Emily Koon is a writer from North Carolina. She has previously published work in Quarterly West, Monkeybicycle, Necessary Fiction, TINGE Magazine and Camera Obscura. She has an MFA in Creative Writing from Emerson College and can be found blogging nervously at thebookdress.com.
I could tell from the way Todd Heckle backed into that parking space that I wasn’t going to have a good time. The whole maneuver was unnecessary. It was a Tuesday night, the restaurant wasn’t crowded. If zombies attacked and we had to get out of there fast, this wouldn’t have saved us.
Relax, I told myself. He may have other skills, dormant ones that surface only when lives are at stake. I was thinking about those people on the news whose cars break down in the wilderness, who survive for weeks on cactus juice and scorpions. I felt that in the case of Todd Heckle, this was unlikely.
He stacked packages of tiny breadsticks on the table and talked about his job at the advertising firm. It specialized in construction businesses, he felt the need to mention. He worked in an office over a Theater District dive bar, writing advertising copy all day. Newspaper ads, commercials. That billboard with the WASP family in front of a split-level ranch house, an American flag rippling in the background. Some organization responsible for rating this sort of thing gave him an award, which meant that he got to go to a reception and eat chicken cutlets with the guy who thought up that car insurance lizard. Todd Heckle was proud of this, and that he’d once ridden in the bucket of a front-end loader.
“You could knock me over with a feather with that last one,” I said, swilling my dirty martini.
Todd Heckle forked a ravioli from my plate and put it into his mouth whole. “Esmeralda is a beautiful name,” he said. “Isn’t that Spanish for emerald? Do you have to work a lot of overtime at your job?”
I told him about my latest project, a book about the actress who played Tootie on The Facts of Life. Looking at me like he couldn’t tell if I was serious, he said ghostwriting sounded exciting and asked to hear some trivia from my research. I tried to think of a nugget Todd Heckle could grab onto. He would probably not like to know that most of the original season’s cast didn’t make it to season two, or that the actress who played Blair went to fat camp but wasn’t fat.
“A lot of people don’t know Alan Thicke co-wrote the theme song,” I said.
“Who’s Alan Thicke?” he asked.
I thought through the logistics of a relationship with someone who didn’t know who Alan Thicke was. It didn’t look good. When dessert came, Todd Heckle looked at his baked Alaska and said the concentric swirls of meringue made him think about the cosmos and how large it is and how we’re anchored here in this remote, inconsequential arm of it, with no hope of ever participating in anything happening in the other parts. It was a waste of the infinite. I made a mental note to quote Tootie as saying something similar in the book.
By the time the check came, I was four dirty martinis to the wind and certain Todd Heckle was an onion I needed to peel. He was young and kissed like a simple-minded person, who believed that if you worked hard, if you played by the rules, there would be some kind of payoff. Something reliable, worth putting on a billboard. I wanted to beat all this out of him.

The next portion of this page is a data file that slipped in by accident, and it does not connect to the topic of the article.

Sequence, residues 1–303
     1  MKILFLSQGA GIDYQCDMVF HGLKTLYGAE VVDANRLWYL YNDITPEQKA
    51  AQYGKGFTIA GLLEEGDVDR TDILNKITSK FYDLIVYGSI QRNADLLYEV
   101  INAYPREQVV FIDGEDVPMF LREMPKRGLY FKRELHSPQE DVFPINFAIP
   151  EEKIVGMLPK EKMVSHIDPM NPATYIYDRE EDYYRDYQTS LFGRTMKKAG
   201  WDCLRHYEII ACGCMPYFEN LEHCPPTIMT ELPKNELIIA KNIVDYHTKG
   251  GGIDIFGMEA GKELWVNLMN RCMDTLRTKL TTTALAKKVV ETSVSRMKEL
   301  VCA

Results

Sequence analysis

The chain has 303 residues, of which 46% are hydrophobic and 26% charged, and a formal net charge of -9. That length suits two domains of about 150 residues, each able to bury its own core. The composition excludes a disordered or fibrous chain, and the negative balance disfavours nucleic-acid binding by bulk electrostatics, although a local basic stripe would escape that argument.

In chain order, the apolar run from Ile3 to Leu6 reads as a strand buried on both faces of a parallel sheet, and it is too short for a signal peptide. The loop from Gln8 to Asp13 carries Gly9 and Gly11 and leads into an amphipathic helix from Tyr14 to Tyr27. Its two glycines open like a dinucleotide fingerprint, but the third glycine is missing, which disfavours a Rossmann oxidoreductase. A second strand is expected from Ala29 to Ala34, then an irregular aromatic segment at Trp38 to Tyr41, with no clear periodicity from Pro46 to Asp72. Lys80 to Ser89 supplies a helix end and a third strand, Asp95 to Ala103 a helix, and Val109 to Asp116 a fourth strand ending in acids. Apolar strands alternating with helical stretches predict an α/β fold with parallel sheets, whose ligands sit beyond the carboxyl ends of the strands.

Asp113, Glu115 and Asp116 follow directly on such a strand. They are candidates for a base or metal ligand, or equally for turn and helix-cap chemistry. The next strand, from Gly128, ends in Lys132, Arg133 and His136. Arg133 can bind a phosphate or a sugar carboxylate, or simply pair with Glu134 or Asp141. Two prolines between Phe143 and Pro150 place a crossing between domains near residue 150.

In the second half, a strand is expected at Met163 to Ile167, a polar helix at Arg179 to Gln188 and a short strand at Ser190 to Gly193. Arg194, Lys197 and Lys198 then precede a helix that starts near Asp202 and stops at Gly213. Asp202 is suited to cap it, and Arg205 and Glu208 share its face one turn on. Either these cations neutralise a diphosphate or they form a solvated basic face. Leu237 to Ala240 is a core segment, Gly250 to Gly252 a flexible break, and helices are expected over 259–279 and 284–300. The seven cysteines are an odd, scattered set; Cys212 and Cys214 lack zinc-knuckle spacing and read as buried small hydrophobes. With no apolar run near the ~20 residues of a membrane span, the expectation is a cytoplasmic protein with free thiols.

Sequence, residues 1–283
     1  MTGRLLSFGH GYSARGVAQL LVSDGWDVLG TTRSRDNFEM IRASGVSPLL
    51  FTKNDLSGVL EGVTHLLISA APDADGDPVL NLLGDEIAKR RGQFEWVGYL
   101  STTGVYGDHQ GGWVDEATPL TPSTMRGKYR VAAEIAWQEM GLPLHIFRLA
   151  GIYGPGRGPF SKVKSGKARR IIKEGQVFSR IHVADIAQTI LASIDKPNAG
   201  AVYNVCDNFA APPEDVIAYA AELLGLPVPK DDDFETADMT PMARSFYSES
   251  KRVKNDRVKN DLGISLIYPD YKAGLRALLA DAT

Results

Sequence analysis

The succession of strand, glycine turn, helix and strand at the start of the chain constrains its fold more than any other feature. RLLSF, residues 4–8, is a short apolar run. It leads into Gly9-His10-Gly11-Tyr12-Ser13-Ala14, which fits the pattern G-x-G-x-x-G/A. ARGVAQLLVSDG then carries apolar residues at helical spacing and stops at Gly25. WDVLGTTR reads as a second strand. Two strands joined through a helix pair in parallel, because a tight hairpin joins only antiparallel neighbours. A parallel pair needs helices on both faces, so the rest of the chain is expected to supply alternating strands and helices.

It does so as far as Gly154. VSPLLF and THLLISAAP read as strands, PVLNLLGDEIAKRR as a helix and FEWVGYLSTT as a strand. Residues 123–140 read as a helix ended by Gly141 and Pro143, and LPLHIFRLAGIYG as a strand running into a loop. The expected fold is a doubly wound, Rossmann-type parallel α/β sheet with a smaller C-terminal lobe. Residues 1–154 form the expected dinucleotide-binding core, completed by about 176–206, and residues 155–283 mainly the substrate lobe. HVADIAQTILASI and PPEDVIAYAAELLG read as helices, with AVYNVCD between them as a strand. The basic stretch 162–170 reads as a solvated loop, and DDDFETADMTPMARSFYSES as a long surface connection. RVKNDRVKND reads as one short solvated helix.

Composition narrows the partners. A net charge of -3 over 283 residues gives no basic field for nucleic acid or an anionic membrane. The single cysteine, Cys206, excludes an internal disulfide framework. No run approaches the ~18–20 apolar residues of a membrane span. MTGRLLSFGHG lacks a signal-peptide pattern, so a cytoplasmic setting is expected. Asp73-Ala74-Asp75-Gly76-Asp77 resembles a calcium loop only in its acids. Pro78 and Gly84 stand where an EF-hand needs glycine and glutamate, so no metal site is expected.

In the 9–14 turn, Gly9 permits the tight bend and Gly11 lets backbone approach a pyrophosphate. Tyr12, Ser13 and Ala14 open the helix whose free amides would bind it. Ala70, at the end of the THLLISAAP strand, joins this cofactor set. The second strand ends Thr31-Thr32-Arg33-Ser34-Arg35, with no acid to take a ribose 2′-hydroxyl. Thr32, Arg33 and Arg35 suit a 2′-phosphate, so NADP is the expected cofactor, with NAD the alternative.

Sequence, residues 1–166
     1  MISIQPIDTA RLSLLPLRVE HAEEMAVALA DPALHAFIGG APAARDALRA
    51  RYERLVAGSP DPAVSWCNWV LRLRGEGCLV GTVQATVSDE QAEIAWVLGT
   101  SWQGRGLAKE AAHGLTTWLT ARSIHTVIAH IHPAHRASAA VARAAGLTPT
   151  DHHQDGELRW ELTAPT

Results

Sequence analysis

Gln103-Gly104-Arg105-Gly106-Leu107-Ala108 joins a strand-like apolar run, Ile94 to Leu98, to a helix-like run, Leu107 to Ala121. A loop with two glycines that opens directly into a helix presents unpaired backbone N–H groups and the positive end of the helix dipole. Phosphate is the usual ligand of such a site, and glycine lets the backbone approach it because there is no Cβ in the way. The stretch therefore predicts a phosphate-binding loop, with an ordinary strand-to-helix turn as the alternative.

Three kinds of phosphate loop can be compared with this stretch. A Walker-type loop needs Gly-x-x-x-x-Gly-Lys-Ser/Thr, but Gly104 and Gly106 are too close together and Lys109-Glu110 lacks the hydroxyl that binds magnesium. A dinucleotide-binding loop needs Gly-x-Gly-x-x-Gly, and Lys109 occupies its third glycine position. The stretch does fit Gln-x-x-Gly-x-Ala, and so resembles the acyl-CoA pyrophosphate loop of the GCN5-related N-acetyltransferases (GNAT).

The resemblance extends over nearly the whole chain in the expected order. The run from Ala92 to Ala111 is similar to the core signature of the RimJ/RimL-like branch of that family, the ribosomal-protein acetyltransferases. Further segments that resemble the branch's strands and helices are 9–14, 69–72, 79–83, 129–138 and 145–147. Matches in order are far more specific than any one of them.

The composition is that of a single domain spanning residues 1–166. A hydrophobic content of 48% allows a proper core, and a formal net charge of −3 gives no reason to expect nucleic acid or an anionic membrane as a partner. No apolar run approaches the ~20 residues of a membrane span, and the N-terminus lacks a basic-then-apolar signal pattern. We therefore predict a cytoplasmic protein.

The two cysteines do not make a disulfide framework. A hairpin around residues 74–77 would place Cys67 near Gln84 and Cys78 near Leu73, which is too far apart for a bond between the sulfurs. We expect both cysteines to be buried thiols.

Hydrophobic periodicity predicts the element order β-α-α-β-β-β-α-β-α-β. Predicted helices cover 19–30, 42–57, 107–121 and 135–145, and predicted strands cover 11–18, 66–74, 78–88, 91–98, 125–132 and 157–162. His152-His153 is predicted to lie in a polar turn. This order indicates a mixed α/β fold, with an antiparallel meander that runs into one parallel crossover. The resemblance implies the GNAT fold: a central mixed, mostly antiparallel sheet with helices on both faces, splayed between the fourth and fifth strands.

I assumed I would break his heart. I was Todd Heckled instead. A guy who sat in a dump thinking up billboards all day didn’t want to have a second date with me. It suggested things hadn’t panned out in the general sense.
A month or so later, my editor, a jerk named Derrick Sneed, said Tootie was eager for the book to be on shelves in time for the holidays. I placed a hermetic seal on the front door of my apartment, emerging six weeks later with all the symptoms of freelance psychosis. Light sensitivity. Disorientation. Orange skin from a diet of cheese balls. I took the T to Charles Street with the manuscript on my lap, like a casserole I was delivering to the family of a dead person. Derrick took the manuscript out of my hands gratefully and gave me my check. It was a lot of money. Tootie was doing well.
I stepped out of the brownstone office into Beacon Hill, needing to celebrate. Black and white cookies from DeLuca’s in little wax bags, a bottle of cava to drain in the Garden. Leaving the market, I passed by a part of the block that was morphing into a Whole Foods. Construction dust rose like Gomorrah after the angel smote it. There was Todd Heckle in the middle of everything, riding in the bucket of a front-end loader that jerked around the lot like a haywire robot. I wondered what happened to people who fell out of front-end loaders, whether this would be fatal or just humiliating. He had on a gray pin-striped suit and alligator wingtips at the end of his grasshopper legs hanging over the edge. Except for that, he could have been riding the bumper cars at the state fair.
The machine was headed toward the street, right for me, but I stayed where I was, feeling that it was their responsibility to adjust course. Todd Heckle yelled for the driver to stop, probably out of a sense of guilt. He waved at me in that way you wave at somebody you should have called the next day, or the next day, or the day after that. If I had waved back, it would have been a move of surrender, signaling acceptance of everything that had happened in my life until then. Including the kiss, when I saw that what Todd Heckle hoped for most in the world was himself in front of a split-level ranch with two rows of blonde family, somewhere in the Orion Nebula. But as it was, my hands were full.